6. “You Asked for This”
“You Asked for This” appears to address Halsey’s feelings about becoming who they wanted to become, and doing what they wanted to do, but still feeling unhappy. I found this song to be about depression and exploring the concept of “happiness” and that what we think will make us happy doesn’t always.
“Darling” is my favorite song next to “The Tradition” as it is a lullaby-esque song for Halsey’s new baby, but it can be a soothing song for anyone. The song is vulnerable and references possible past feelings of suicidal ideation and how they are seeing the light at the end of the tunnel and finding happiness. Overall, I felt like this song is a song about hope through the darkness (particularly that of mental illness).
“1121” is a song referencing the date that Halsey found out that they were pregnant, and it discusses Halsey’s positive feelings for their child and being a mother. While the other songs on this album tend to be darker and horror-themed, it is clear that Halsey has found happiness and hope in their child.
“Honey” addresses Halsey’s sexuality as she identifies as bisexual, and the song
largely focuses on Halsey’s past intimate relationship with a girl. I particularly enjoyed how subtle this song was at addressing sexuality, while also emphasizing how important the relationship was for Halsey and how it has left them with many memories. We can also assume that heartbreak was involved.
“Whispers” is a darker song that again seems to reference Halsey’s struggle with love and relationships as well as how her struggles with her mental health and maintaining stability. I connected deeply to this song because I felt like my experience with mental illness was intimately portrayed, and Halsey did well at describing how difficult handling mental illness is for those who might not understand.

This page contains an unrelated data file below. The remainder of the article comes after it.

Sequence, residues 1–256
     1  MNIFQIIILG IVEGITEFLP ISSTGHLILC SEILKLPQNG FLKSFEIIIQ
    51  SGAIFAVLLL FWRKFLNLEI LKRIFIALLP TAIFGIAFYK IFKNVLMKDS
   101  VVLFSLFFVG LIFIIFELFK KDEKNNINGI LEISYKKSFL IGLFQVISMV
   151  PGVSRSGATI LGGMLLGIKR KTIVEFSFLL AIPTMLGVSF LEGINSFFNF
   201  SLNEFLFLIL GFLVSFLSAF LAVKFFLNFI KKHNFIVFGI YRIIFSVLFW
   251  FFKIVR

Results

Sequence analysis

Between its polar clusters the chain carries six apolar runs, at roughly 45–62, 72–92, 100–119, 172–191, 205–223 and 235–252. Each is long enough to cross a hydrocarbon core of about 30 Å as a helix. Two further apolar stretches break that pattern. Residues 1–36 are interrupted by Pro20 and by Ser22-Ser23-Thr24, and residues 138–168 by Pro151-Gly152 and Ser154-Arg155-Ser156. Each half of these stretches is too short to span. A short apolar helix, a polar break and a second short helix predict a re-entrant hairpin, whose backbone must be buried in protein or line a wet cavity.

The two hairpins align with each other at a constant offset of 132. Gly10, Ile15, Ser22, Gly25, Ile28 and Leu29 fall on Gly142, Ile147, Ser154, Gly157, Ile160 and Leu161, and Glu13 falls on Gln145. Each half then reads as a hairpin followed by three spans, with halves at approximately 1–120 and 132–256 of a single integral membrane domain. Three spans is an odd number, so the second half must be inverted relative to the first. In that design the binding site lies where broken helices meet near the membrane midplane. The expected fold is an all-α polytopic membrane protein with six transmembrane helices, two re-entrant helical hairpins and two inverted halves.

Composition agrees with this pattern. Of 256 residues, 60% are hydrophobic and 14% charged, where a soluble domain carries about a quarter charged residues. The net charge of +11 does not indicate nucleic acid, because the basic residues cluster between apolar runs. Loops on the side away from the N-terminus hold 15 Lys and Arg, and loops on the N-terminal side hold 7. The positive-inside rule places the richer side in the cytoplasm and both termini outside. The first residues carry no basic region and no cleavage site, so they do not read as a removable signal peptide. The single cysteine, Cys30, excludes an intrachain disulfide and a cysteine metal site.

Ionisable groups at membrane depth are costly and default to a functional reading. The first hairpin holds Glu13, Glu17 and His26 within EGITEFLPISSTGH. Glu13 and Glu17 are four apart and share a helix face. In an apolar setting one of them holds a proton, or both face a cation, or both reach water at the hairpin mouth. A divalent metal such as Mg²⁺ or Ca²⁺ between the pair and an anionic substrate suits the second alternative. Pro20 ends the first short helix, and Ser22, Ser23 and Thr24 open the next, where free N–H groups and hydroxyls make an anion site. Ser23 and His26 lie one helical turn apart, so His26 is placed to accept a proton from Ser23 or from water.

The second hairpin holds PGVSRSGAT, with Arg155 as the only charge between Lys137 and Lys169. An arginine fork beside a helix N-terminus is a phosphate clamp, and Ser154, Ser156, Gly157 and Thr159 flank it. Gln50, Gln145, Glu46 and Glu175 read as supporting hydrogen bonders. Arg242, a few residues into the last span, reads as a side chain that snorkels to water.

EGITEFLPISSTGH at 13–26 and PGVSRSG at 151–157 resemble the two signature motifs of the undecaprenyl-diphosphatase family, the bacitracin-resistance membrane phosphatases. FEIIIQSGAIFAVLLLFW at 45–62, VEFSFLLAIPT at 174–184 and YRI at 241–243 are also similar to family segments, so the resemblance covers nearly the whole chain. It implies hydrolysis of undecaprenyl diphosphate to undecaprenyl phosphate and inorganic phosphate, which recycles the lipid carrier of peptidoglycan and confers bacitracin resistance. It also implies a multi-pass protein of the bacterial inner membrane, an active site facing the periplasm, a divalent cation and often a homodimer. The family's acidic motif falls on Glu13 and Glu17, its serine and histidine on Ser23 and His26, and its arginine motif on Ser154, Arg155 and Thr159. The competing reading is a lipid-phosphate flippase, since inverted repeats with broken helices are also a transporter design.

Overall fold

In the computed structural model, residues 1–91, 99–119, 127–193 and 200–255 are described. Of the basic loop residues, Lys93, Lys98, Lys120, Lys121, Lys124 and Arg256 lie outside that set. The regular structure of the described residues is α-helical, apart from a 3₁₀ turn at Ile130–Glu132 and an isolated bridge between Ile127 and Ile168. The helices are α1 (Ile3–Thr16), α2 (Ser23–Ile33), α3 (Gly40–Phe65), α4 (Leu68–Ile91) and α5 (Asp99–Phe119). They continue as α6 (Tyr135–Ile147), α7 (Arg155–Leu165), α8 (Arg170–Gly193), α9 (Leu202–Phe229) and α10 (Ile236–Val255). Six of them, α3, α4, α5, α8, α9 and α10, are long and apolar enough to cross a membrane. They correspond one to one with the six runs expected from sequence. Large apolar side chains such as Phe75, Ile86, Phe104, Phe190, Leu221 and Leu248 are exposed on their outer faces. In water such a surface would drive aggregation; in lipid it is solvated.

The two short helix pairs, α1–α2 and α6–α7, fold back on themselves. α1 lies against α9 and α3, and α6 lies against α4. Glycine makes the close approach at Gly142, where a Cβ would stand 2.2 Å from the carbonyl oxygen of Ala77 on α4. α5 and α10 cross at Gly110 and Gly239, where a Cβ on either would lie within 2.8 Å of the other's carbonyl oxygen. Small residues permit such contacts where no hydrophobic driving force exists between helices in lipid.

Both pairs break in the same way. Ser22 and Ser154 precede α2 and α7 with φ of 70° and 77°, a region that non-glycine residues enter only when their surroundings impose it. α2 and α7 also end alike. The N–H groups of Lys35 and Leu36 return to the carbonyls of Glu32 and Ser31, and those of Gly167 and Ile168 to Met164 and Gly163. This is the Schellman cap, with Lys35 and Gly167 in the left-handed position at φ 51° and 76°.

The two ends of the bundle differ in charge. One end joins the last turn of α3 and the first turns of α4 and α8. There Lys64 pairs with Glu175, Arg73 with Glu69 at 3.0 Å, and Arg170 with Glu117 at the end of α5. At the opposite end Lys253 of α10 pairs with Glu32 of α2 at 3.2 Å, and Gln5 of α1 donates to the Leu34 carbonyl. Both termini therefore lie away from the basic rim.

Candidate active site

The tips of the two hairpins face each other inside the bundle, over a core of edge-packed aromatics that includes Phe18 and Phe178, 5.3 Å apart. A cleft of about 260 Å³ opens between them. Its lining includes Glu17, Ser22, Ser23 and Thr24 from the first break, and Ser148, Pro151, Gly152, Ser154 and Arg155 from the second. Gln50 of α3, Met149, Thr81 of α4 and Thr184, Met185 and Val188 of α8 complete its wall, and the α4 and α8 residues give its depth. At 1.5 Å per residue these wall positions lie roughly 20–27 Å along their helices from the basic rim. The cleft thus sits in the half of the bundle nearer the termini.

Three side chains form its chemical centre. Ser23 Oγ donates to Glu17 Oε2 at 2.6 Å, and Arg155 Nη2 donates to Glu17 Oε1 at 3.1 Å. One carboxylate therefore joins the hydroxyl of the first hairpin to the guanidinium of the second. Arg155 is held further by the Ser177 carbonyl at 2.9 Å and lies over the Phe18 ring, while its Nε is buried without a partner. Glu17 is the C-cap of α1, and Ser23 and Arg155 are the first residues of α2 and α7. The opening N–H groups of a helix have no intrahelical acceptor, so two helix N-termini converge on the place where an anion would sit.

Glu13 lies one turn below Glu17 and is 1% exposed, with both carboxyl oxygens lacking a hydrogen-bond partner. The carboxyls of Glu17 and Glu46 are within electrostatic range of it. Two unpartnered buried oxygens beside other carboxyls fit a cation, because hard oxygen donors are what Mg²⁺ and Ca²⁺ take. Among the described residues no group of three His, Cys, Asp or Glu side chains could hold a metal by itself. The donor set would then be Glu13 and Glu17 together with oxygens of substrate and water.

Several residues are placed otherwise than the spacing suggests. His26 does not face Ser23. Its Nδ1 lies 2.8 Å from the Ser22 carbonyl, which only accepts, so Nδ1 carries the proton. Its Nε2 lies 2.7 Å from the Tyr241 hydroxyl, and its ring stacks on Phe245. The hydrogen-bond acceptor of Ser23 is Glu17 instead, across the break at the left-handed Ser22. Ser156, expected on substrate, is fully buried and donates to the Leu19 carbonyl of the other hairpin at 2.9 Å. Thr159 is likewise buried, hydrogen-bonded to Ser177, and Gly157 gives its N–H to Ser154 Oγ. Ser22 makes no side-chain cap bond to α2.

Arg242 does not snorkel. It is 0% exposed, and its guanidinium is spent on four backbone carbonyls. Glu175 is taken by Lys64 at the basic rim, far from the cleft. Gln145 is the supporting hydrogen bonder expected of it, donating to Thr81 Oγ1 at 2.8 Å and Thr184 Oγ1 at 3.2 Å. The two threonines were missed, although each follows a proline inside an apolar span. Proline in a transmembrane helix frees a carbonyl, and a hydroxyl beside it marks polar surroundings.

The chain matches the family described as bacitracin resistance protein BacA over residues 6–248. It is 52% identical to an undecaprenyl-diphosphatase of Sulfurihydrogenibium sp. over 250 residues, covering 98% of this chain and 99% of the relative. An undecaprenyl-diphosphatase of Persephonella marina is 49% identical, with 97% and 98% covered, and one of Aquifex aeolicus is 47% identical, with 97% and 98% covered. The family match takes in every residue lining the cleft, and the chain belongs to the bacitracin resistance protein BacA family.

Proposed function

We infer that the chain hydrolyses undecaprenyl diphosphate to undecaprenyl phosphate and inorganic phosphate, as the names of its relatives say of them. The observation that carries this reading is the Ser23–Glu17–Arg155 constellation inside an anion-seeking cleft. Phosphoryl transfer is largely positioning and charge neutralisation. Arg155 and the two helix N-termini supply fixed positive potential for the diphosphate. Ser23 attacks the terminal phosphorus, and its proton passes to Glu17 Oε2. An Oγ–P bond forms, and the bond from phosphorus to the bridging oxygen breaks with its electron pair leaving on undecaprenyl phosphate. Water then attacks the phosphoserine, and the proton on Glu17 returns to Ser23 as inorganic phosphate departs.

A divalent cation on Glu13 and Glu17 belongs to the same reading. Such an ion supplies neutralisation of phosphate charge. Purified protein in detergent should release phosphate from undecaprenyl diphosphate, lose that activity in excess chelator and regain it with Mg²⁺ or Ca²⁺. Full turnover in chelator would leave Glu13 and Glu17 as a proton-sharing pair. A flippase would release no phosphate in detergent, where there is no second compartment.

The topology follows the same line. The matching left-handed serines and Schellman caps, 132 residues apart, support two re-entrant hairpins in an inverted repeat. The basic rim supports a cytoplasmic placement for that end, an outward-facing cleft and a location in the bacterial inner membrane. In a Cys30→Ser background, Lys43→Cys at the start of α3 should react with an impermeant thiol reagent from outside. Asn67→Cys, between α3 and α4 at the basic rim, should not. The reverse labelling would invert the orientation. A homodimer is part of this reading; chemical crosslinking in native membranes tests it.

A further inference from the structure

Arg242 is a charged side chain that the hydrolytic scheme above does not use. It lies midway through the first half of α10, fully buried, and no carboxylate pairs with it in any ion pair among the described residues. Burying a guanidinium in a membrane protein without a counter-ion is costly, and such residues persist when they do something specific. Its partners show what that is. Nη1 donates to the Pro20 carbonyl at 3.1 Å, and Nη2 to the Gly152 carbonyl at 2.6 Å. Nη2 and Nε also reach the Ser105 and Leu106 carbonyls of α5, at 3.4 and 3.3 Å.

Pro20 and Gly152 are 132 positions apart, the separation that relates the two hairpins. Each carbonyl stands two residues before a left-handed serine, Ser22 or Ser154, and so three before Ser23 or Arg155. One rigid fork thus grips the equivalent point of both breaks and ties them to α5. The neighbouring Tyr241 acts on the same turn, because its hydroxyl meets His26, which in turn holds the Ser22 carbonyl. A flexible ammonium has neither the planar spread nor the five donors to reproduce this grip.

11. “I am Not a Woman, I’m a God”
“I am Not a Woman, I’m a God” is another emotionally painful song that addresses sexuality and how women who are seen as sexual are seen as being “unfit” for motherhood, while those who appear “motherly” are seen as not having sexual appeal. I personally liked how this song explored both ends of the spectrum and how difficult it is to grasp the transition to motherhood and how the way society views motherhood affects self-image.
12. “The Lighthouse”
“The Lighthouse” is another lyrical song that tells a story that I connected to
Halsey’s experience with bipolar disorder, rage and relationships with men. Throughout the song we hear Halsey singing about various experiences with men and telling the story from the perspective of a siren (which are said to lure sailors to their deaths). I enjoyed this horror element which helped us to see deeper into Halsey’s inner experience.
“Ya’aburnee,” the last track on Halsey’s new album, comes off as more of a song meant for her new child and her current relationship. My interpretation of the song was that Halsey was singing about how deeply they are connected to their child and their partner and how those strong feelings have led them to being unable to be without them.
Overall, “If I Can’t Have Love, I Want Power” is a horror themed work of art that
expertly intertwines elements of mental health and illness with Halsey’s experience of becoming a mother. Each song is open to interpretation by the listener, but I hope that my insights help you to absorb more of the beauty in each of Halsey’s songs. I am so thankful to have found an artist who connects with mental health and illness so well.
Image via Halsey’s Facebook